Michael Keane has admitted he broke down in tears in front of his family after hitting “rock bottom” during his struggle with injuries and poor form.
In an interview with the BBC, the Everton defender also revealed that he hid himself away through embarrassment at his performances on the pitch.
Having opened up himself, he is now working with mental health charities to encourage others to seek help. “I didn’t want to go out, didn’t want to see anyone,” he said. “I felt a bit embarrassed with how things were going on the pitch so I didn’t want to be seen anywhere, didn’t want to do anything. “I was keeping it in for a long time, working hard, turning things around on the football pitch but in the end it sort of got on top of me. “I ended up not having a full breakdown but I was basically in tears telling my family how I felt.
“That was a big breakthrough moment where I sort of got to my ‘rock bottom’. From there on I’ve got better and better with the help of my family and my friends and I started speaking to a sports psychologist which I still do now regularly to just keep on top of it.”
Keane first began to experience problems shortly after joining Everton for a club-record equalling £30m fee from Burnley in July 2017.
He suffered an injury during a Carabao Cup tie with Sunderland when a James Vaughan tackle opened up a wound in his foot that required eight stitches.
Keane played on in that game and continued to do so in the weeks that followed, taking pain-killing injections to combat an infection that would eventually inflame further and lead to a spell in hospital.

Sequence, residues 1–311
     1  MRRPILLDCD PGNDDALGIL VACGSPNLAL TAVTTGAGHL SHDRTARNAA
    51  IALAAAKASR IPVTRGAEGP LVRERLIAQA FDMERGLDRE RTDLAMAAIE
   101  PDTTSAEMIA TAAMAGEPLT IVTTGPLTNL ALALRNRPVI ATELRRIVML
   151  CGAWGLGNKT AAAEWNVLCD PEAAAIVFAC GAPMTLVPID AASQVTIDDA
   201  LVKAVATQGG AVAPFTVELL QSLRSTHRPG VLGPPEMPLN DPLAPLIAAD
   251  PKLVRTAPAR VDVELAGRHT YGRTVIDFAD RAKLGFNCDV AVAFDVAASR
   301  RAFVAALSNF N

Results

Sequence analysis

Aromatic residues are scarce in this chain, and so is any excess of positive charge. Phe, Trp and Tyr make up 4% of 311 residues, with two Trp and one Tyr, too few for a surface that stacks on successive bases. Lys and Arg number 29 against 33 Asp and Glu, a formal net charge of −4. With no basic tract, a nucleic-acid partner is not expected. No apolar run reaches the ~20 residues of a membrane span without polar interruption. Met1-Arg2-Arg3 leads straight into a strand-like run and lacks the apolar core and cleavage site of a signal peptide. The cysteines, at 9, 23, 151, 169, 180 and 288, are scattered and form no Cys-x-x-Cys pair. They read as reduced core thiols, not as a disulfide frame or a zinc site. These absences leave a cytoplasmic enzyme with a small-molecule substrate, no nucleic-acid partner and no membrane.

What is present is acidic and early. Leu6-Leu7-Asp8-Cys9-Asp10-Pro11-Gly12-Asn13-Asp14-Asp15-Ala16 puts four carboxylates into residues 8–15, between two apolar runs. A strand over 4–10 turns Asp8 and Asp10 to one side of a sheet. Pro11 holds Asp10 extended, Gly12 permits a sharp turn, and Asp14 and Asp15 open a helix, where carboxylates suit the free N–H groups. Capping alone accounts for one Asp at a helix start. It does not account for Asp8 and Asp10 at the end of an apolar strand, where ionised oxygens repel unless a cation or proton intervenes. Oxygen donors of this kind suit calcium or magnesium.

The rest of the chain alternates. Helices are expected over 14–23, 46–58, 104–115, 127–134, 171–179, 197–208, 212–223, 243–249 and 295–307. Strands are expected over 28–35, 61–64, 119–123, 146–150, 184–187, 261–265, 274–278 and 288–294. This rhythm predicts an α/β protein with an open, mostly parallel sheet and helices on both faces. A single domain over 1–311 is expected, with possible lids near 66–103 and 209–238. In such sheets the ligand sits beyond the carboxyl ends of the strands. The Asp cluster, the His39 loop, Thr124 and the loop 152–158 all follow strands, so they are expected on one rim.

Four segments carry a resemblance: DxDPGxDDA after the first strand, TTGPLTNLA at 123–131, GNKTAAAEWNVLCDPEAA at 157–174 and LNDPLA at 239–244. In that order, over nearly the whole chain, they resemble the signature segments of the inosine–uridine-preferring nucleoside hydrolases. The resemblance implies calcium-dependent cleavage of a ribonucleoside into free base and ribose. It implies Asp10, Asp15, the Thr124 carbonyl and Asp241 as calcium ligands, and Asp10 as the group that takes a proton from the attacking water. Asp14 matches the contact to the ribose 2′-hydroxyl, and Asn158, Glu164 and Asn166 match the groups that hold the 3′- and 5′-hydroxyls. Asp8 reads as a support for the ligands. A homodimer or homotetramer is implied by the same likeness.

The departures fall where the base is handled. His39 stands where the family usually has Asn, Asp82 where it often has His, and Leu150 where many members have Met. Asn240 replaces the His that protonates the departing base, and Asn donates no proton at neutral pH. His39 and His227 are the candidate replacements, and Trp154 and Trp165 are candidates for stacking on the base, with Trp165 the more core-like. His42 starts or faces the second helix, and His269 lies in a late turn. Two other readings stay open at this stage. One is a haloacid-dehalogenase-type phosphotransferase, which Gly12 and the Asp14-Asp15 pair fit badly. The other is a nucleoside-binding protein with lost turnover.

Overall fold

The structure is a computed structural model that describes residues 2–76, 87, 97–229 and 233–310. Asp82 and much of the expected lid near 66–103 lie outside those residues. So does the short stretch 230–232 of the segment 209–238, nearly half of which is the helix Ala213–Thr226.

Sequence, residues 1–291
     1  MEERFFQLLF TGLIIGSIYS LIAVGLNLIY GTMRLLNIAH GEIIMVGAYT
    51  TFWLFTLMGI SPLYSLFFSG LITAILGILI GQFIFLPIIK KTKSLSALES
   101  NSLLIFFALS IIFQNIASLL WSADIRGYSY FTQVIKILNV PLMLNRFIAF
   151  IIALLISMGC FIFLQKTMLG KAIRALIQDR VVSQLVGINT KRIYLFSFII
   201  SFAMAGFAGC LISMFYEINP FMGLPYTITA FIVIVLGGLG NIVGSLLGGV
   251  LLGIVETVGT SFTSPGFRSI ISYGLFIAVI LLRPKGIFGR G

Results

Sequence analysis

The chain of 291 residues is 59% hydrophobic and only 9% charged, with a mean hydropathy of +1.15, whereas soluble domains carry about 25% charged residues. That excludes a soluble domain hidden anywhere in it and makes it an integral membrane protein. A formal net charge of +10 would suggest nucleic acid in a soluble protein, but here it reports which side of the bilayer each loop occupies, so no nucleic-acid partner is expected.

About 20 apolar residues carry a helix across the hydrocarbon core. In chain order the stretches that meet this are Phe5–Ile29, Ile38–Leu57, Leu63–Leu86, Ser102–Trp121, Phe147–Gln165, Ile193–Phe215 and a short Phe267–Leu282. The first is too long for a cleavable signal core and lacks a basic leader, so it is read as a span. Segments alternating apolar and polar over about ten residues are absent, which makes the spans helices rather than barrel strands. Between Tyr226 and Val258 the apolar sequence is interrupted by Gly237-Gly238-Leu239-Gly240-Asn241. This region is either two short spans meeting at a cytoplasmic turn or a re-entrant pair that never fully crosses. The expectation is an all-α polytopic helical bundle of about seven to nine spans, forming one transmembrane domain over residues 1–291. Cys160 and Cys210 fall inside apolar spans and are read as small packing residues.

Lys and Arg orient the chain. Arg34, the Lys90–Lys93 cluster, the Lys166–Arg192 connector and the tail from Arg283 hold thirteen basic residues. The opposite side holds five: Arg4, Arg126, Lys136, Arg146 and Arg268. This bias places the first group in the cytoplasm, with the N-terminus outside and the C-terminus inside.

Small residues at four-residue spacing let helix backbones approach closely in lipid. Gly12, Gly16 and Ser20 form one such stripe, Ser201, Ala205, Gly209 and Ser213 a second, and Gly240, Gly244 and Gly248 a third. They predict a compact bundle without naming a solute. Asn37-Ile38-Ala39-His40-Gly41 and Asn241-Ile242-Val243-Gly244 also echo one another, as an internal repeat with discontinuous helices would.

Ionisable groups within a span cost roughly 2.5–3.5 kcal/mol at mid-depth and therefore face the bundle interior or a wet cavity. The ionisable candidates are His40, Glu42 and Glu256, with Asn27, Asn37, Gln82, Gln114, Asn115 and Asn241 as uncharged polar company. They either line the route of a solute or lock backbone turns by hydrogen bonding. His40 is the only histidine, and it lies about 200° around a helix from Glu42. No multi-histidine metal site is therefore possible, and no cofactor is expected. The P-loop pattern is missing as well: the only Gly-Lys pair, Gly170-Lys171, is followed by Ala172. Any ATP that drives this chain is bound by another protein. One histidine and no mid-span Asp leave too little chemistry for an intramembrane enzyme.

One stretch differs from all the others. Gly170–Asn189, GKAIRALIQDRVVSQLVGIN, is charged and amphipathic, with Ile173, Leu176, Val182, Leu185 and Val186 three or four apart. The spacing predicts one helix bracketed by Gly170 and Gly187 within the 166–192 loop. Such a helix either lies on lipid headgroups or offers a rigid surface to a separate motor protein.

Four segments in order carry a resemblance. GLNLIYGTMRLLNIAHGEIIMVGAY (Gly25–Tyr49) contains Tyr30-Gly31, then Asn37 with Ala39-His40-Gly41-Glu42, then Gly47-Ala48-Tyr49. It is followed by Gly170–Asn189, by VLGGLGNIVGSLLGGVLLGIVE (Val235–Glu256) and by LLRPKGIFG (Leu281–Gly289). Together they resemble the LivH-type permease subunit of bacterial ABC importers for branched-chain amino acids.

“At the time, I just wanted to be in there with my team-mates, we were going through a tough period,” Keane said.
“I didn’t want to be seen to be throwing the towel in even though I had a valid injury, I just wanted to get out there, give it my best and try to turn things around; in hindsight it wasn’t probably the best thing to do.
“I think the main thing is learning from it and after that learning about my own mental health and how I can deal with that going forward.”
Keane is now working with the mental health charity Calm (Campaign Against Living Miserably) to encourage others to reach out for help if they need it, especially young men.
“I think it’s hard when you’ve never done it before, so pride might stop you from doing it, you might think if you speak out you’ll be showing a soft side,” added Keane. “It’s completely normal and completely fine to do that and once you do it once you’ll realise yourself a lot of people do keep it in.
“I’d urge them if they are struggling really badly to speak to someone because I know from personal experience now how that helped me.”
Keane opened up about his feelings during the coronavirus lockdown.